The operators of Berlin’s Tegel Airport have informed their contract partners which include airlines, service companies and concessions that they have applied for and expect full closure of TXL as per June 1, 2020.
LoyaltyLobby was able to see an internal letter signed by the top management of FBB who runs all Berlin Airports announcing the step which was already expected for the past two weeks.
The letter sent to all contract partners on May 13th and reiterates that the closure measure is temporary until July 31, 2020 but the option exists to extend this period indefinitely as per requirements.
All operations will move from Tegel to Schoenefeld Airport which is located right next to the new BER Airport, a considerable distance from the city center. Schoenefeld has been used for budget carriers in recent years and is a relict of the old Soviet Sector and later East Germany (GDR) and was actually pretty much state of the art at some point in time.
I consider it highly unlikely that Tegel Airport will ever open again once closed considering the timeline of the BER Airport finally set to open on October 31st 2020.
Here is an excerpt translated from the letter which I can’t publish here as it came from a personal source:
- Berlin Airports (FBB) have applied with the Berlin Senate for temporary closure of Tegel TXL as per June 1st 2020 until July 31st 2020.
- The current situation involving COVID-19 doesn’t warrant the active maintenance of two airports and isn’t economically viable
- The closure period can be extended beyond July 31st 2020 is so required based on passenger traffic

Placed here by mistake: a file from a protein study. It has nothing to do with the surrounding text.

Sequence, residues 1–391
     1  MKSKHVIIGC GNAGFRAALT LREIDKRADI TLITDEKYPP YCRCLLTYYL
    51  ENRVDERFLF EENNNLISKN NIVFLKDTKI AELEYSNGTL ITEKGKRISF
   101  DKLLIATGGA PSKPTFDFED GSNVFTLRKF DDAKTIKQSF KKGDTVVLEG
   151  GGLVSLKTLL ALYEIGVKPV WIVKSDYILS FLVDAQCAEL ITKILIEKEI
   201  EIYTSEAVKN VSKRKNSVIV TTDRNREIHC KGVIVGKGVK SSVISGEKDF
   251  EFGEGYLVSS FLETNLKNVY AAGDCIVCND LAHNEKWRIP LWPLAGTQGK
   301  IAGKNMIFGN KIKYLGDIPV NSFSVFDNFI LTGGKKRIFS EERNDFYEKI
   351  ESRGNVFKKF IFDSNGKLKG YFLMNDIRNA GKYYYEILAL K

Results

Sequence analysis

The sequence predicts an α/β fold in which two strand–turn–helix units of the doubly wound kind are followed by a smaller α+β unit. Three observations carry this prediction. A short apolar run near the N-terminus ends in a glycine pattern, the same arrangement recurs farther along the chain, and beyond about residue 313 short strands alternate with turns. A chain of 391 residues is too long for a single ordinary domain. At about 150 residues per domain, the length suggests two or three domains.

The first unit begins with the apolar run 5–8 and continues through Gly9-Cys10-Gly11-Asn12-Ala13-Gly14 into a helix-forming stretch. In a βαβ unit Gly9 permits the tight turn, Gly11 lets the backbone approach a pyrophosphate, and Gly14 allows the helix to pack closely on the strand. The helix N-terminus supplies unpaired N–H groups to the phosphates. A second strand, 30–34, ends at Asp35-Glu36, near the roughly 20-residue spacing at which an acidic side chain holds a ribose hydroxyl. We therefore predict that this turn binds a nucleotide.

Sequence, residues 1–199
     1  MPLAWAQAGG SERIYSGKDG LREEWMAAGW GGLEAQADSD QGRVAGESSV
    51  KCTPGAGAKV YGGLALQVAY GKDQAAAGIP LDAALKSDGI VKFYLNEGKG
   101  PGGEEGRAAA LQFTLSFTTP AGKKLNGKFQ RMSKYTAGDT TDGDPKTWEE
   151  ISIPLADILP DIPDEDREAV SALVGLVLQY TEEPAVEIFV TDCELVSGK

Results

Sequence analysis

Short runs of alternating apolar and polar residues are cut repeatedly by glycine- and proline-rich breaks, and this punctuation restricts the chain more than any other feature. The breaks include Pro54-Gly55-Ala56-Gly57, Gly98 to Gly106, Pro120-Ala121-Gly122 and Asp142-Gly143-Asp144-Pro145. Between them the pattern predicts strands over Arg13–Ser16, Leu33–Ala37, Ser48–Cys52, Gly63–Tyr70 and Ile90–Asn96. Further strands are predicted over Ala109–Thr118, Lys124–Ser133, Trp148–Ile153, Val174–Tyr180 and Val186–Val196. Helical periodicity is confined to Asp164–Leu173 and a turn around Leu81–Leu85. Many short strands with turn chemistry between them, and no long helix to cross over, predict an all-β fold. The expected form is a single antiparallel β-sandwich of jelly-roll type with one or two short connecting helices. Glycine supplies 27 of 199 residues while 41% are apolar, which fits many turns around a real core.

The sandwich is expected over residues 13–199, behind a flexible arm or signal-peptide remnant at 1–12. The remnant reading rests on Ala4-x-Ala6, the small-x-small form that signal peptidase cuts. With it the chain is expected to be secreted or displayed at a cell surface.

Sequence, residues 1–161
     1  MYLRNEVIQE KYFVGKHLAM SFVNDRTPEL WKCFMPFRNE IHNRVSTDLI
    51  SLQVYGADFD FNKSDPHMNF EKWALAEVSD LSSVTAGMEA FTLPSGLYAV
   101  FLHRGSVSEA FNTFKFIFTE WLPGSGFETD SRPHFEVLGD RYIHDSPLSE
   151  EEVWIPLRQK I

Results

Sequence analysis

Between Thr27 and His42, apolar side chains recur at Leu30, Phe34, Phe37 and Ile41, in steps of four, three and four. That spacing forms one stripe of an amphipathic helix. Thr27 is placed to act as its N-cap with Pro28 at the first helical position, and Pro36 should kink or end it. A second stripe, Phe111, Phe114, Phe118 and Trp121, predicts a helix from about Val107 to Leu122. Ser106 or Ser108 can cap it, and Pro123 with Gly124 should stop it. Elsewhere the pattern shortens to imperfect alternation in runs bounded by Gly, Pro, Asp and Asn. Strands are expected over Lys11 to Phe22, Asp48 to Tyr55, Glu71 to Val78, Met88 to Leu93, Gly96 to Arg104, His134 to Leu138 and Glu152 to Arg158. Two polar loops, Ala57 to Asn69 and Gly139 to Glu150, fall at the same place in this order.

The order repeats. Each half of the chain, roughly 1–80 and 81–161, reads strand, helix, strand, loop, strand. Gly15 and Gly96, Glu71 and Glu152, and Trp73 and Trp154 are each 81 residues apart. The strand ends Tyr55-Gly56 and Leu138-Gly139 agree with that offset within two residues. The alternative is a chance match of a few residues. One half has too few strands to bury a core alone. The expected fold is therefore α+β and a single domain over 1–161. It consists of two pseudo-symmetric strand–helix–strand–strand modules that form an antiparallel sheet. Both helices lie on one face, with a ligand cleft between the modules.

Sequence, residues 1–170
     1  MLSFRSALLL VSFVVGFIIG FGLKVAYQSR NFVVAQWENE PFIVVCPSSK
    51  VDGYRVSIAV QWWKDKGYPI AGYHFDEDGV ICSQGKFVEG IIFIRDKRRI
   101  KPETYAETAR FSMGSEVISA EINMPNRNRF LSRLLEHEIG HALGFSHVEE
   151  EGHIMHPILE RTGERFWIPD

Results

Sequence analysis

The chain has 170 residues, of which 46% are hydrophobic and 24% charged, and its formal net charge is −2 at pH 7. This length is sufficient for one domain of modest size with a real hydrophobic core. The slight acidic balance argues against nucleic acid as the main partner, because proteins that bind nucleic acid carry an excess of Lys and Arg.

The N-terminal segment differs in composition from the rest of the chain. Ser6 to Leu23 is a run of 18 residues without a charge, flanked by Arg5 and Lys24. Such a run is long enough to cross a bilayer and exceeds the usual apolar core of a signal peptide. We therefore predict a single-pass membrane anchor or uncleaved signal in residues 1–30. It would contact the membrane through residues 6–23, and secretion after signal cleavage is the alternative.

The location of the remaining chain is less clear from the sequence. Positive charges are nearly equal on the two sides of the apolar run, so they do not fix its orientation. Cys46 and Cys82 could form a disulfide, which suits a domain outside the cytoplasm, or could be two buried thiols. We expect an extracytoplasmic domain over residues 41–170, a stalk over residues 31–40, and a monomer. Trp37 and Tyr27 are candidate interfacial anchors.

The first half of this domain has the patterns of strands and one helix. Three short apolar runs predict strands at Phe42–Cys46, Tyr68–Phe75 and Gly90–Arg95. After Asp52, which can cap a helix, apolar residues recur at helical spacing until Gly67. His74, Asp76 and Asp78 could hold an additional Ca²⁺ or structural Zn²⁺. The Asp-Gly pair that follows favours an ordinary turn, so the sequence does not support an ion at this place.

- June 1st which is a public holiday in Germany shall be the designated moving day of all operations to Berlin Schoenefeld, Operations expected to start there on June 2, 2020
After scanning through some flight options currently bookable Lufthansa has still schedule all their June flights to Tegel just as they did two weeks ago. There is no official notice on the Berlin-Tegel airport website either.
The only infos on the website are about measures against Coronavirus but nothing about the closure of the entire airport.
With this decision the days of Tegel Airport could come to an abrupt end. The terminal which was built in 1974 and back then an architectural masterpiece has fallen victim to decay and neglect in recent time. Airport operators had expected to leave these facilities years ago but the nine year delay of the BER have forced them to patchwork the terminal defects as much as possible and keep operations going. The only real danger now is if the BER doesn’t open as planned in late October for whatever reason and all operations in Tegel have been wound down already to a point of no return. Then what?
While certainly being an eyesore, the convenient access to Berlin after arriving by plane has seen it’s day once the doors close at Tegel. Time will tell how those who have frequented TXL a lot in the past are going miss the airport or be glad that it’s gone.